The nuisance alga Gonyostomum semen (Raphidophyceae) has expanded in the Nordic countries during the last decades and can dominate lake phytoplankton communities almost completely. A possible explanation to its dominance could be limited grazing by zooplankton. We investigated the potential grazing pressure on G. semen using an experimental approach supported by field data. We determined the grazing rate by cladocerans, calanoid copepods, and Chaoborus larvae to determine which were able to feed on G. semen. Only the large cladoceran Daphnia magna was able to feed successfully on G. semen. The large cell size of G. semen was likely a limiting factor for the filtering apparatus of smaller cladocerans. The copepod Eudiaptomus gracilis did not graze on G. semen, although the mechanism behind this selective feeding is still unknown. In addition to the experimental study, we quantified the zooplankton and phytoplankton communities in 40 lakes to determine the composition and abundance of the zooplankton communities co-occurring with G. semen, suggesting that large cladoceran species were not present in lakes where G. semen occurred. Hence, the growth of G. semen is not significantly controlled by grazing in natural systems, which likely facilitates bloom formation and invasion success of G. semen.

  • 6.
    Lebret, Karen
    et al.
    Lund University.
    Kritzberg, Emma S.
    Figueroa, Rosa
    Rengefors, Karin
    Genetic diversity within and genetic differentiation between blooms of a microalgal species2012In: Environmental Microbiology, ISSN 1462-2912, E-ISSN 1462-2920, Vol. 14, no 9, p. 2395-2404Article in journal (Refereed)
    Abstract [en]

    The field of genetic diversity in protists, particularly phytoplankton, is under expansion. However, little is known regarding variation in genetic diversity within populations over time. The aim of our study was to investigate intrapopulation genetic diversity and genetic differentiation in the freshwater bloom-forming microalga Gonyostomum semen (Raphidophyceae). The study covered a 2-year period including all phases of the bloom. Amplified fragment length polymorphism (AFLP) was used to determine the genetic structure and diversity of the population. Our results showed a significant differentiation between samples collected during the two blooms from consecutive years. Also, an increase of gene diversity and a loss of differentiation among sampling dates were observed over time within a single bloom. The latter observations may reflect the continuous germination of cysts from the sediment. The life cycle characteristics of G. semen, particularly reproduction and recruitment, most likely explain a high proportion of the observed variation. This study highlights the importance of the life cycle for the intraspecific genetic diversity of microbial species, which alternates between sexual and asexual reproduction.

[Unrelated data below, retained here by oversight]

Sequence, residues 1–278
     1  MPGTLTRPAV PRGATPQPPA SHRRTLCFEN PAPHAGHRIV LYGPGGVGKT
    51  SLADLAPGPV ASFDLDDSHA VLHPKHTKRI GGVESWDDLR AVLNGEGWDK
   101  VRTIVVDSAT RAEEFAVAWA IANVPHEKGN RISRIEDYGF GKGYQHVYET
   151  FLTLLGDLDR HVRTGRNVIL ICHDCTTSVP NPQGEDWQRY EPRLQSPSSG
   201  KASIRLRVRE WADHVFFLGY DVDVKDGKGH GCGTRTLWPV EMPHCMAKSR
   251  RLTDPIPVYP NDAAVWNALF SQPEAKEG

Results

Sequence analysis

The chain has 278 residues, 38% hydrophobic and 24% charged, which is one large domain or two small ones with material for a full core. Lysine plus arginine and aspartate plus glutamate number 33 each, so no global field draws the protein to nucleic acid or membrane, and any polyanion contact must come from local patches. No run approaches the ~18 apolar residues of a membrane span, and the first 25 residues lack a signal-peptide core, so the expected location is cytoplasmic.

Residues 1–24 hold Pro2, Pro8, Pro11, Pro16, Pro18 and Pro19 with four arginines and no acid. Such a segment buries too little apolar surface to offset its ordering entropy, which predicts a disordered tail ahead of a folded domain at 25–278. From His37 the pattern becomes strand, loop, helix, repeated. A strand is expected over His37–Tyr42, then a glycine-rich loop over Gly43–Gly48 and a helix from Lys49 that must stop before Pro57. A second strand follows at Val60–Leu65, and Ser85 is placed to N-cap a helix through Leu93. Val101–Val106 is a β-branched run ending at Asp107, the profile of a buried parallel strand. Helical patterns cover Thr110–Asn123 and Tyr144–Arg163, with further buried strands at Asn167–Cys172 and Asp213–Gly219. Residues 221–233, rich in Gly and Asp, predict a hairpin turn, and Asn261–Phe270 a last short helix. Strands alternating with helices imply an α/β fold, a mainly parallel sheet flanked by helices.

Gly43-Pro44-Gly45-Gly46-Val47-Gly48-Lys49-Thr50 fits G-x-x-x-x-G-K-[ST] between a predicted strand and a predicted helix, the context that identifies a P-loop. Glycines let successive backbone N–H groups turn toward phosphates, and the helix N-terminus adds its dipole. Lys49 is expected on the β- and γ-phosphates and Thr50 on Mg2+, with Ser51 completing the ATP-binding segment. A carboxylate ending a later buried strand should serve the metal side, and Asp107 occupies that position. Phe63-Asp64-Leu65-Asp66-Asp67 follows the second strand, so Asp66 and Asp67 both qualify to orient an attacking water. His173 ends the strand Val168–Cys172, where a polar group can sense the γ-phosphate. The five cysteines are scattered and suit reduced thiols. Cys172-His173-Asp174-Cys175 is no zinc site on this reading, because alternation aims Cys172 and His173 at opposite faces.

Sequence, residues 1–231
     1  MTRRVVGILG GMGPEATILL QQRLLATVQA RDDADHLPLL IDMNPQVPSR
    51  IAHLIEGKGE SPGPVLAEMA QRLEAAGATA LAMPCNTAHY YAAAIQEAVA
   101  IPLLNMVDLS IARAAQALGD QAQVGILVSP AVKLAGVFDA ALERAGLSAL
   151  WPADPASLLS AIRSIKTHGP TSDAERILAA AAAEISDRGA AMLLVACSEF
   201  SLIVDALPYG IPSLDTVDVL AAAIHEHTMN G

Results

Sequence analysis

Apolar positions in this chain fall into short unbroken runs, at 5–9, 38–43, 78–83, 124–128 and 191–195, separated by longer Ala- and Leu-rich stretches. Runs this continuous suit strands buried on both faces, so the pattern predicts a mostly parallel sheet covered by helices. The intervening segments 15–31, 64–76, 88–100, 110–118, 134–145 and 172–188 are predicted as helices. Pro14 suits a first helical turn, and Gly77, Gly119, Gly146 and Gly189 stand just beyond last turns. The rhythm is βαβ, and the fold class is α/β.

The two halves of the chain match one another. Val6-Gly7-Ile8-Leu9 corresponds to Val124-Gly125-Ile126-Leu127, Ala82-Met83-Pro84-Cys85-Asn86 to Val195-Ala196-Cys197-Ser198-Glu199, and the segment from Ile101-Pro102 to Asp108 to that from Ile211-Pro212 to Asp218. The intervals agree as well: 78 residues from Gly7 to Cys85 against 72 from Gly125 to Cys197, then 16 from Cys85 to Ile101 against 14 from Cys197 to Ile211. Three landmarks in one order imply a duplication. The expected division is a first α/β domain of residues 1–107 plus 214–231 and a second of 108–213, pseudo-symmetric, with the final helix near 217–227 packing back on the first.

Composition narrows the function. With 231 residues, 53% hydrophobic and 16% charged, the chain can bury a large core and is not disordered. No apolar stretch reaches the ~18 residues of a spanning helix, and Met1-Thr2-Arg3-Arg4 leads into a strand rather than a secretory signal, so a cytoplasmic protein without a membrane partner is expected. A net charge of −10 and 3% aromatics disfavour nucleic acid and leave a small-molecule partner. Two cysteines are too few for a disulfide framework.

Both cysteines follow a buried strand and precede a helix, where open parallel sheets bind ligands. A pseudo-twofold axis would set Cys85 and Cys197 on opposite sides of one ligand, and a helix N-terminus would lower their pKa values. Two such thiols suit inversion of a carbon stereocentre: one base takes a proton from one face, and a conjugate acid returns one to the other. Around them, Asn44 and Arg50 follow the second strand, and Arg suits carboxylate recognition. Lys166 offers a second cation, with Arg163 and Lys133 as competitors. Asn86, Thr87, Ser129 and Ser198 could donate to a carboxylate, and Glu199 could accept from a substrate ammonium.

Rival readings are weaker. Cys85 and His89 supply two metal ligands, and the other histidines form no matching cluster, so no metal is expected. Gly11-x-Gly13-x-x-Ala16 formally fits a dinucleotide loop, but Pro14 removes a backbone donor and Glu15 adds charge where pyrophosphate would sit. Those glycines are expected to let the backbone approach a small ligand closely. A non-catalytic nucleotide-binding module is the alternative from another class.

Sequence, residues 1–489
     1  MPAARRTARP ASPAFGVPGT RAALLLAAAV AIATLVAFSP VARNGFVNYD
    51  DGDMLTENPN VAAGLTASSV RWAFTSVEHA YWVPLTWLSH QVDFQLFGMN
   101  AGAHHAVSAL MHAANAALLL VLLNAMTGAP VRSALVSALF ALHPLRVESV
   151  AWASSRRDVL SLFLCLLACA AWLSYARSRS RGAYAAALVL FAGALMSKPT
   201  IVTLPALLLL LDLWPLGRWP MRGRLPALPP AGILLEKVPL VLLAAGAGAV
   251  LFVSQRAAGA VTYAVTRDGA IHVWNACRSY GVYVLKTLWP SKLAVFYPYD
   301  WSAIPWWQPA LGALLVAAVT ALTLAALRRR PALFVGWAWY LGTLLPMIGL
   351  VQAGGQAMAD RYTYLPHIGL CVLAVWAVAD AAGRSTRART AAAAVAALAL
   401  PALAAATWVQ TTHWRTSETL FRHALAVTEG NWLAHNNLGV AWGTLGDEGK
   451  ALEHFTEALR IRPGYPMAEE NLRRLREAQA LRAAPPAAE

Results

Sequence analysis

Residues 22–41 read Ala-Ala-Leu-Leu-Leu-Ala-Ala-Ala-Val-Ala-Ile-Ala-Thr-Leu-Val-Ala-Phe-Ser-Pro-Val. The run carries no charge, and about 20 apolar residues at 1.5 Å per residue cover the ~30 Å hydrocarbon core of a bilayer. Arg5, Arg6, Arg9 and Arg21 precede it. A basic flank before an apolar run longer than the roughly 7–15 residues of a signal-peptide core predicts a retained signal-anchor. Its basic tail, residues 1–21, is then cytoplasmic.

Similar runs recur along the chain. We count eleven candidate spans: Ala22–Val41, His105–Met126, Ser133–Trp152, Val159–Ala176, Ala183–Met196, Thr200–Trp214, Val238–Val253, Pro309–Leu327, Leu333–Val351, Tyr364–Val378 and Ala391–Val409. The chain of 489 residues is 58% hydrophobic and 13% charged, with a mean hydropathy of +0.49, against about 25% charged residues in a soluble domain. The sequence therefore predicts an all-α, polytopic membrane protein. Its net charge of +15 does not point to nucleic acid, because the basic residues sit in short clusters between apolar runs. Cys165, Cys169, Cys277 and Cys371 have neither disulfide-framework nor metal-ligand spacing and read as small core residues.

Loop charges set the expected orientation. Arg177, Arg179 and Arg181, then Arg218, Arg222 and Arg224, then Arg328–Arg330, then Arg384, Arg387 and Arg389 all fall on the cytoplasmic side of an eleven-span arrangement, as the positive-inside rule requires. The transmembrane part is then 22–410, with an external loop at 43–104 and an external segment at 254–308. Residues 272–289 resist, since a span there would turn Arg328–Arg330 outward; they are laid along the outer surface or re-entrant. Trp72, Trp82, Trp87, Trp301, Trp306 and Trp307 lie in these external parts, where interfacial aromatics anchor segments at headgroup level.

• 7.
    Lebret, Karen
    et al.
    Lund University.
    Kritzberg, Emma S.
    Lund University.
    Rengefors, Karin
    Lund University.
    Population Genetic Structure of a Microalgal Species under Expansion2013In: PLoS ONE, ISSN 1932-6203, E-ISSN 1932-6203, Vol. 8, no 12, p. e82510-Article in journal (Refereed)
    Abstract [en]

    Biological invasions often cause major perturbations in the environment and are well studied among macroorganisms. Less is known about invasion by free-living microbes. Gonyostomum semen (Raphidophyceae) is a freshwater phytoplankton species that has increased in abundance in Northern Europe since the 1980's and has expanded its habitat range. In this study, we aimed to determine the genetic population structure of G. semen in Northern Europe and to what extent it reflects the species' recent expansion. We sampled lakes from 12 locations (11 lakes) in Norway, Sweden and Finland. Multiple strains from each location were genotyped using Amplified Fragment Length Polymorphism (AFLP). We found low differentiation between locations, and low gene diversity within each location. Moreover, there was an absence of genetic isolation with distance (Mantel test, p = 0.50). According to a Bayesian clustering method all the isolates belonged to the same genetic population. Together our data suggest the presence of one metapopulation and an overall low diversity, which is coherent with a recent expansion of G. semen.

  • 8.
    Lebret, Karen
    et al.
    Linnaeus University, Faculty of Health and Life Sciences, Department of Biology and Environmental Science. Uppsala University.
    Langenheder, Silke
    Uppsala University.
    Colinas, Noemi
    Uppsala University.
    Östman, Örjan
    Swedish University of Agricultural Sciences.
    Lindström, Eva S.
    Uppsala University.
    Increased water colour affects freshwater plankton communities in a mesocosm study2018In: Aquatic Microbial Ecology, ISSN 0948-3055, E-ISSN 1616-1564, Vol. 81, no 1, p. 1-17Article in journal (Refereed)
    Abstract [en]